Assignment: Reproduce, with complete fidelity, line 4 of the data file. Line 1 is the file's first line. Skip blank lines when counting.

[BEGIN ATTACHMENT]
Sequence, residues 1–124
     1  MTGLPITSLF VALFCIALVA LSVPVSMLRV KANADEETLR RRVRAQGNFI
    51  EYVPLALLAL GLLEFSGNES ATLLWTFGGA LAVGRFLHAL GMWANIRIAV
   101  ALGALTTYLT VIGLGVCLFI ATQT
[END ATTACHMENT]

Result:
   101  ALGALTTYLT VIGLGVCLFI ATQT